- Complete Quiz 6 Discussion post – London, Leopold – by midnight
- Meet with your presentation group
- The legacy of “To Build a Fire” (Canvas/Pages/View All Pages/To Build a Fire…):
- Nexus Studios
- Krakauer’s Into the Wild – letter to J. Krakauer
- Jeremiah Johnson (1972), directed by Sydney Pollack
- Empire Strikes Back (1980)
- The Revenant (2015)
- HW: Discussion Post #4 due Friday
- Extra Credit Discussion Post due Friday
- HW for Monday: Visit your site (but no SJ due)
- HW for Monday: Read: Kerouac and Lopez in Literature and Environment anthology, and Anzaldua’s “El Retorno” (Canvas/Files/Readings)
- Indigenous People’s Day! At DU, we acknowledge the traditional custodians of the land we are on today, the Cheyenne, Arapaho and other indigenous nations, and pay our respect to their elders past and present.
- Site Journal 3 due in Canvas
- Exam 1: Grades are posted. Will return exams on W 10/13 in class.
- Muir and Thoreau quiz
- Where Can I Camp? Group Presentation #1
- Thoreau and “Higher Laws,” Ch. 11 of Walden. His “Civil Disobedience” remains timely: “Can there not be a government in which the majorities do not virtually decide right and wrong, but conscience? . . . Must the citizen ever for a moment, or in the least degree, resign his conscience to the legislator? Why has every man a conscience, then?”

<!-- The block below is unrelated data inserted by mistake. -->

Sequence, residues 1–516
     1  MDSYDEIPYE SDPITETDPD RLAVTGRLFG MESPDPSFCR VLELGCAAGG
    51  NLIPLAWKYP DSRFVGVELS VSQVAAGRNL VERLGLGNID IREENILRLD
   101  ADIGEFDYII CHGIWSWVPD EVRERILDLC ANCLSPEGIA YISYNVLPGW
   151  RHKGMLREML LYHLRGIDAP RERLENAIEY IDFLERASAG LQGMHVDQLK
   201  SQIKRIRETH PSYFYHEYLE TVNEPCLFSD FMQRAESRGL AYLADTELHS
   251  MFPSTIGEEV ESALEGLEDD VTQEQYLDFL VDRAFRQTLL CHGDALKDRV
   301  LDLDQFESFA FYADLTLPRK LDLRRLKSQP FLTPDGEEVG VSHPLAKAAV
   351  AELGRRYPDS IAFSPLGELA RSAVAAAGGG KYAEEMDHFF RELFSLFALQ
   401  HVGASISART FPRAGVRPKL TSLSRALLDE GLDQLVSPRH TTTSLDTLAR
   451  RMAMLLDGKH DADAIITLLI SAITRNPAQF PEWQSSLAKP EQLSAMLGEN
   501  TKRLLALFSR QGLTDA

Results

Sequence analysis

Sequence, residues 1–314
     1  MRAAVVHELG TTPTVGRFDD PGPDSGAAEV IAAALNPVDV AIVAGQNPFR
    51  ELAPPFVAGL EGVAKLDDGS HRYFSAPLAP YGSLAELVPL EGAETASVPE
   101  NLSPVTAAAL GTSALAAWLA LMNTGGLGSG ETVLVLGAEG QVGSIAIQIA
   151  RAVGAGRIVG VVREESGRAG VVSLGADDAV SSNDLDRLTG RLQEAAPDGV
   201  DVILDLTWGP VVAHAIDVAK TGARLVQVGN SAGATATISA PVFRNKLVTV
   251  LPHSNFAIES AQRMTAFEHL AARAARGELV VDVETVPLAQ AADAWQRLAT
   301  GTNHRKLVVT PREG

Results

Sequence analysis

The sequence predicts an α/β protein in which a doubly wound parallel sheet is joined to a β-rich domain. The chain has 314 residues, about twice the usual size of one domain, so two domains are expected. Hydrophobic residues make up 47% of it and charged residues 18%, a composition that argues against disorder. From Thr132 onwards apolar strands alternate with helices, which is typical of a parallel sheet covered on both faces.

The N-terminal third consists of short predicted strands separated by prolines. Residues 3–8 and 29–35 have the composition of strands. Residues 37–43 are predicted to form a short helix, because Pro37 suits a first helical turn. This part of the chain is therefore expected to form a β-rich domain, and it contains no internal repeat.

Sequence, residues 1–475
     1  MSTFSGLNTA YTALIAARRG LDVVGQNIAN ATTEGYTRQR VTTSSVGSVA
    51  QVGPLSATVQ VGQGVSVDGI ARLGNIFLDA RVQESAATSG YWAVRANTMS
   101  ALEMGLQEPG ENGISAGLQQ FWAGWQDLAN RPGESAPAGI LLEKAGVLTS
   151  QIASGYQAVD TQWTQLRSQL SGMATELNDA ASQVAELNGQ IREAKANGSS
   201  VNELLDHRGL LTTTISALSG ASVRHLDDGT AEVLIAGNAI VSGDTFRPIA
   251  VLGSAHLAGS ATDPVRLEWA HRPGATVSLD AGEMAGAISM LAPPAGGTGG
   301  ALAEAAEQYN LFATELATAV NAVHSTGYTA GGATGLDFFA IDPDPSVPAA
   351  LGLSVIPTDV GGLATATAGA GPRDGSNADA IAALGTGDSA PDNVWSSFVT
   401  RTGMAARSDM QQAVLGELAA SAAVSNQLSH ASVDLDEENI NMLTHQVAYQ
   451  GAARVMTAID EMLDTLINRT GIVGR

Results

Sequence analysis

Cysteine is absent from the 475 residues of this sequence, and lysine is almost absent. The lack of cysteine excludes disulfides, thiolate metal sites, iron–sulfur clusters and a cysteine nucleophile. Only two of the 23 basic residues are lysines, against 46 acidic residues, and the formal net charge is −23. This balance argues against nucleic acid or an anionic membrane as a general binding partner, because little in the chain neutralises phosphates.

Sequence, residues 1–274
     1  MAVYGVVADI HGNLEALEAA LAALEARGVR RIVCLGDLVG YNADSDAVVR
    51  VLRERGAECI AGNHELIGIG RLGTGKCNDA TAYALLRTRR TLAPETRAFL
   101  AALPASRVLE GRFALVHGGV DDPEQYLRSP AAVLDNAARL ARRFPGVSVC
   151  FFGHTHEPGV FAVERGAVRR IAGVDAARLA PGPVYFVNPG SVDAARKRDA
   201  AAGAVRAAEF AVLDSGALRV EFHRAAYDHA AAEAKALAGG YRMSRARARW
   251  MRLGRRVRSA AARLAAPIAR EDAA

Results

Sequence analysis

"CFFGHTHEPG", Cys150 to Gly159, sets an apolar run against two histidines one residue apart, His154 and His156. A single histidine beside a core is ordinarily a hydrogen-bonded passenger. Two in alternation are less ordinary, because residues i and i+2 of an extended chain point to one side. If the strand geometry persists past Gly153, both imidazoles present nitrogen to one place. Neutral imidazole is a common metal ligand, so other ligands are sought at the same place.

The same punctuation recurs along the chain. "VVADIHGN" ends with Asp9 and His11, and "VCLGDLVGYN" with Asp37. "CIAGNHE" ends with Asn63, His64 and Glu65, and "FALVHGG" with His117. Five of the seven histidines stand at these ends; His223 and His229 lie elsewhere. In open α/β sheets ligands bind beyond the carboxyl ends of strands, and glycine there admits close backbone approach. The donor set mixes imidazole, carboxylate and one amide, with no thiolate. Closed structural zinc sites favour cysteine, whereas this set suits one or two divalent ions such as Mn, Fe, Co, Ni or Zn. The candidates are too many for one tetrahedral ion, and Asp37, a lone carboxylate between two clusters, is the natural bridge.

- Muir and “A Windstorm in the Forest”
- Screening: Muir, Pinchot, and Hetch Hetchy: The National Parks – America’s Best Idea episode 2
- HW: Read London’s “To Build a Fire” and Leopold’s “Thinking Like a Mountain” in anthology
- Exam 1
- Extra Credit: M 10/11, 7:30pm, Gates Concert Hall: Nothing Lives Long, Only the Earth,
Honor in the Face of Death & Cheyenne Chief White Antelope’s Song
- Homework for M 10/11:
- Due: Site Journal #3 entry before the leaves fall.
- Read: Muir’s “A Wind-Storm in the Forest”; Thoreau’s “Higher Laws” – both in Literature and the Environment
In your presentation groups, complete the following:
- Each member report on what they’ve done since last week.
- Create and refine the scope and focus of your presentation.
- Consider the organization of the presentation: who will introduce and begin the presentation? When will each person speak and what will they speak about?
- How will your group create and organize the powerpoint/slides?
- Each group will include up to 5 minutes of a video(s). What video can you show the class?
- Which group members will facilitate the whole class discussion?
- Create a list of 8 or so discussion questions for the class (hint: begin the questions with who/what/why/how?).
- Decipher next steps for the presentation. Who will do what and when?